Dark indie film market sees faint light at Sundance

PARK CITY, Utah Mon Jan 19, 2009 6:32pm EST

A general view of Main Street in Old Town Park City is seen from the south at dusk during the 2009 Sundance Film Festival in Park City, Utah January 18, 2009. REUTERS/Danny Moloshok

A general view of Main Street in Old Town Park City is seen from the south at dusk during the 2009 Sundance Film Festival in Park City, Utah January 18, 2009.

Credit: Reuters/Danny Moloshok

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PARK CITY, Utah (Reuters) - After a dismal 2008, the forecast for independent films appears somewhat brighter as a glut of movies works its way through art house theaters, executives said on Monday at the Sundance Film Festival.

But good times are still distant, perhaps as far off as 2010, and improvements won't come without changes such as lower star salaries and reduced production and marketing costs.

Executives hope Internet distribution can stem the tide of slowing DVD sales, but remain uncertain about exactly how to use the Web, to release films or simply to promote them.

"The sky did fall. It's fallen a lot," Mark Gill, chief executive of independent producer The Film Department, said in a panel at Sundance, the top gathering for U.S. independent filmmakers held in this mountain town east of Salt Lake City.

"I think in 12 to 18 months we will be down to about 350 theatrical releases, which will give room to breath," he said.

Panel members noted that in recent weeks, the box office success of art house movies such as gay-themed "Milk," ($20 million) and Indian love story "Slumdog Millionaire" ($44 million) have demonstrated a healthy appetite for well-made movies that fall outside mainstream Hollywood fare.

Both are still playing in theaters and expected to increase their total ticket sales. Also, movies like independently made vampire romance "Twilight" ($185 million) can still catch fire at box offices and cross over from niche to mass markets.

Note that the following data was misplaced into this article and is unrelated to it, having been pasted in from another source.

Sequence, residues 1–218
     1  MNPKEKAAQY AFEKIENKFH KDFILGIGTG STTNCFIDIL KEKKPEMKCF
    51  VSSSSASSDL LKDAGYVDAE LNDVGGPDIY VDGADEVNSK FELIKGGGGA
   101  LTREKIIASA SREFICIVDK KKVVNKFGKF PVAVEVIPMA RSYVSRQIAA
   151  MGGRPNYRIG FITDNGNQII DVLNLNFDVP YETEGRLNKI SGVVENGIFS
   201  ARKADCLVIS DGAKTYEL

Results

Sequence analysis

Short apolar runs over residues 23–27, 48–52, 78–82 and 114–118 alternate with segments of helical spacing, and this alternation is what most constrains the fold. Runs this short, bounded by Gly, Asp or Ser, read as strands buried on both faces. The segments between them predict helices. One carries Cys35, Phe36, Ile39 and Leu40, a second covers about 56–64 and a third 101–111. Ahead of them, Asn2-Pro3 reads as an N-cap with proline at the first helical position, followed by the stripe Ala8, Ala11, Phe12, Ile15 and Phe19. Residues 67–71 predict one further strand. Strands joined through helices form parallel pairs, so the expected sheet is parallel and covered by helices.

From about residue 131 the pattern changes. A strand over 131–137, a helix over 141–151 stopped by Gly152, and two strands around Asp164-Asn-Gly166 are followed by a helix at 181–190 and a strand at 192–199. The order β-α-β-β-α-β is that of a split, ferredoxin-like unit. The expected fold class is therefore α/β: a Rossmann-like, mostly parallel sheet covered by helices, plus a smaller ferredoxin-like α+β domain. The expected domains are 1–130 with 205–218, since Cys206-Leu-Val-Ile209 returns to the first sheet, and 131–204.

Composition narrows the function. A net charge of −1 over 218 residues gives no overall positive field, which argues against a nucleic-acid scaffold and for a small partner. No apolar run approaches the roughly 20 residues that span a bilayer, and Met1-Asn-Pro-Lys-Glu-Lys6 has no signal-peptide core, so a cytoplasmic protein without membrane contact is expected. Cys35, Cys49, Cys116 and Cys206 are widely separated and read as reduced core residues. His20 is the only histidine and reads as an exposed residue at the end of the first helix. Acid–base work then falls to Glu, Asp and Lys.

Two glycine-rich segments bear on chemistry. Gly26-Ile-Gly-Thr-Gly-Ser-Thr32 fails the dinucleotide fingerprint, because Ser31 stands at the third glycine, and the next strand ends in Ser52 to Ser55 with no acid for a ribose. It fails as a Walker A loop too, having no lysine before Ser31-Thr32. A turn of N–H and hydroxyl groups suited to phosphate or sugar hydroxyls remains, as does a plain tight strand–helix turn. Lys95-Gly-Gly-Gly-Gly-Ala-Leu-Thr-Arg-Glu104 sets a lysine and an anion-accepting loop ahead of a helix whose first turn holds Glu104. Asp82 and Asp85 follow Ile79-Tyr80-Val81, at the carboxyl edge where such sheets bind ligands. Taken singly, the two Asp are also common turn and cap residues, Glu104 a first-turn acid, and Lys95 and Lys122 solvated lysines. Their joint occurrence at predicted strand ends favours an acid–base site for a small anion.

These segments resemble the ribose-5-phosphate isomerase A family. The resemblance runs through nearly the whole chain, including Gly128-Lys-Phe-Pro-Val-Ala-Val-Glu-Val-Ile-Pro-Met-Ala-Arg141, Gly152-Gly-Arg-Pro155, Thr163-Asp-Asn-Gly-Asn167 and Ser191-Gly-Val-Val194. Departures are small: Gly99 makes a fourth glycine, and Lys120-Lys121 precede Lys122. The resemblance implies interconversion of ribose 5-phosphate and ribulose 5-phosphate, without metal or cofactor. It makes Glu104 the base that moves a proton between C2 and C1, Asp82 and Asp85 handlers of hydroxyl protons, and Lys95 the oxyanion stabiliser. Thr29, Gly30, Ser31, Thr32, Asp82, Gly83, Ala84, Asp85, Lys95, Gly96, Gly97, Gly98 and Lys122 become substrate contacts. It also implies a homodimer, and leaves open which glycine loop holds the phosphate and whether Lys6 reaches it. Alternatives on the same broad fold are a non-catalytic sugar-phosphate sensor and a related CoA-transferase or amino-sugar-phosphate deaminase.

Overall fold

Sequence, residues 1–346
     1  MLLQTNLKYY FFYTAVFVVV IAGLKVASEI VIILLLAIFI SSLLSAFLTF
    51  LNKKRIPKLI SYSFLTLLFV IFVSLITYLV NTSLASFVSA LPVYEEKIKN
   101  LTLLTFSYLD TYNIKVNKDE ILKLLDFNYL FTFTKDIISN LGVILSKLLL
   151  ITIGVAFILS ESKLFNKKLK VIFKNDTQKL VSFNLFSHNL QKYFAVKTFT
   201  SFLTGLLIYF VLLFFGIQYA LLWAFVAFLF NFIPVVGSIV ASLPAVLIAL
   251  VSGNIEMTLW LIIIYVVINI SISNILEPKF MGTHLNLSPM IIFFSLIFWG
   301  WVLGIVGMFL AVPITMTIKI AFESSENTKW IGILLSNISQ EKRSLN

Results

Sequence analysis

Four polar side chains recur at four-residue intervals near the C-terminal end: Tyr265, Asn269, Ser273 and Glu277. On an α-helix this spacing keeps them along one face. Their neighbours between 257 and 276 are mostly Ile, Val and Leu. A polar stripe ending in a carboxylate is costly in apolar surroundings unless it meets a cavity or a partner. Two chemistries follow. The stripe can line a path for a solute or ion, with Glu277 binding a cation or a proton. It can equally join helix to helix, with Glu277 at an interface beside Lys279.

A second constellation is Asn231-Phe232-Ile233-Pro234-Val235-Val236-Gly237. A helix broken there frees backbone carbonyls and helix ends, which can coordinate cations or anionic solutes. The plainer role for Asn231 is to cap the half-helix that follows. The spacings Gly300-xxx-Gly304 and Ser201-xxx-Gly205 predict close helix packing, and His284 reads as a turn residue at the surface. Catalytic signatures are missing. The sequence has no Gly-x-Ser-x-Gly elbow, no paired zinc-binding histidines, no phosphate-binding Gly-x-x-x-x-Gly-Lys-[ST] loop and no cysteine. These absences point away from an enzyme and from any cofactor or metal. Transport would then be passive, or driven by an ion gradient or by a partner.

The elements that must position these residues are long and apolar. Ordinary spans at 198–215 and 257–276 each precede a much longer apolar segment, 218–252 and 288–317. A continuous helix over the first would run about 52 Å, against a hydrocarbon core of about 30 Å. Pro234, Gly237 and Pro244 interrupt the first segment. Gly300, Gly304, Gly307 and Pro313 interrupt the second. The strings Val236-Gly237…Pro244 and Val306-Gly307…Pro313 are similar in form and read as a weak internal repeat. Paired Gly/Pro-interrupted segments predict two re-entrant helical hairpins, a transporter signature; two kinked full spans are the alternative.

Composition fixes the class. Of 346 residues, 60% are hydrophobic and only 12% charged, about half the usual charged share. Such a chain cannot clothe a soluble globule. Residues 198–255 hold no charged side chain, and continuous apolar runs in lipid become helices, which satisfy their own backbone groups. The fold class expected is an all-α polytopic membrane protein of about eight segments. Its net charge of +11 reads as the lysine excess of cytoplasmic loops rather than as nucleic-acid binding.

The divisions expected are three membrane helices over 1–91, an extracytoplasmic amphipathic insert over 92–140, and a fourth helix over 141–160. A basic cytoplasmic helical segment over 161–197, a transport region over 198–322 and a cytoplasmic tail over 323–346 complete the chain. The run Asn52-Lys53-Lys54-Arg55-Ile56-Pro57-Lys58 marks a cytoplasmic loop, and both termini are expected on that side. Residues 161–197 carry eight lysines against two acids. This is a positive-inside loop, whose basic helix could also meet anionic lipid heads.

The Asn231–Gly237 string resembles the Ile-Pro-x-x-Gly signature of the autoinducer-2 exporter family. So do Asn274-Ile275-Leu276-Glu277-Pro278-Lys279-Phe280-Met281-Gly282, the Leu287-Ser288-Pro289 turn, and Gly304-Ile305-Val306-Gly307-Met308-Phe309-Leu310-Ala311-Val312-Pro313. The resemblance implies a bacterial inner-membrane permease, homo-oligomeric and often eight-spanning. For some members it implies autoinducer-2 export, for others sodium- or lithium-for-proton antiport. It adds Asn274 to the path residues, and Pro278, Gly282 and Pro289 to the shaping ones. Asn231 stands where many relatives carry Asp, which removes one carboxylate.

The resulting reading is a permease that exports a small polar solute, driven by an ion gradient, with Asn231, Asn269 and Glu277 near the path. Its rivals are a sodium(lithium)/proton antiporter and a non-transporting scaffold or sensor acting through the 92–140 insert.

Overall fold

"The theater box office seems to be thriving, especially for a number of indie films," said Sony Pictures Classics co-chief executive Michael Barker.

Sundance, founded by Robert Redford and in its 25 year, supports and promotes independent filmmakers. Distributors flock here to buy inexpensive films from mostly new talent.

SUNDANCE HITS AND MISSES

Past successes go back to Steven Soderbergh's 1989 movie "sex, lies and videotape," and in more recent years include 2006's "Little Miss Sunshine." Box office hits and booming DVD sales lured more players in the 2000s, and the result has been too many movies in theaters and on retailers' video shelves.

Last year's big Sundance comedy "Hamlet 2," purchased by Focus Features for around $10 million, flopped at box offices with only about $5 million in ticket sales.

Still, Focus CEO James Schamus said on Monday's panel he had no regrets because he believed in the movie's potential. "I would buy it again and pay a fair price for it," he said.

The wariness of film executives was on display in 2008 and this past opening weekend at Sundance.

"Two years ago at this festival, more films sold into the marketplace than any year Sundance had ever had," said festival director Geoffrey Gilmore. "Last year ... numbers went from over $50 million (in sales) to something like $20 million."

So far this year, only crime drama "Brooklyn's Finest" has been acquired by Senator Entertainment for just under $5 million, and Sony Pictures Worldwide Acquisitions Group bought comedy "Black Dynamite" for $2 million, according to reports Daily Variety and The Hollywood Reporter.

Other talked-about titles include "Humpday," a comedy about two straight men who make a gay porn flick, and documentary "The September Issue," about Vogue magazine editor Anna Wintour.

Financial turmoil has taken investors out of the market for funding indie films. "Only the rich and the young can afford to make movies in the current climate," said producer Ted Hope.

Others like Wade Bradley, who heads film financing group IndieVest, saw a rebound coming. "The climate was tough in the summer, and it essentially came to a stalemate in the early fall. But lately, everyone has realized 'okay, here's what we got to do to change the game,'" he said.

(Editing by Todd Eastham)

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